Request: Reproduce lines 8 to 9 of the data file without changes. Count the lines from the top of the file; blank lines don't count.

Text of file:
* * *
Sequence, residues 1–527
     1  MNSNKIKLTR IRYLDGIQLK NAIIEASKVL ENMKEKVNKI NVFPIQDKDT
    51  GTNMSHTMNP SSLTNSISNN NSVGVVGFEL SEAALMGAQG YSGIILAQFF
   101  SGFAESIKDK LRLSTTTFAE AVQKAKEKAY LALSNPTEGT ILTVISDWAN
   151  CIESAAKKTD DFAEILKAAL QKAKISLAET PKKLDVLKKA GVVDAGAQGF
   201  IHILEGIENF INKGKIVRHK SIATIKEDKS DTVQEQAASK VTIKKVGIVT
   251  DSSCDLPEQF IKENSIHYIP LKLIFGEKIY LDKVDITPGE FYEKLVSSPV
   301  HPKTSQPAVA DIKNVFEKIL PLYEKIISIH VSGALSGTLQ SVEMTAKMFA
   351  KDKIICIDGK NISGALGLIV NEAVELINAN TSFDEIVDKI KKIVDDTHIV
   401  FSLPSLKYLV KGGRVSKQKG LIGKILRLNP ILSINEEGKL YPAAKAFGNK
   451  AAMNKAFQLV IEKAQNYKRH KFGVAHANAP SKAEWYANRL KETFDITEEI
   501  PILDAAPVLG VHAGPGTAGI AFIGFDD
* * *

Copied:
   301  HPKTSQPAVA DIKNVFEKIL PLYEKIISIH VSGALSGTLQ SVEMTAKMFA
   351  KDKIICIDGK NISGALGLIV NEAVELINAN TSFDEIVDKI KKIVDDTHIV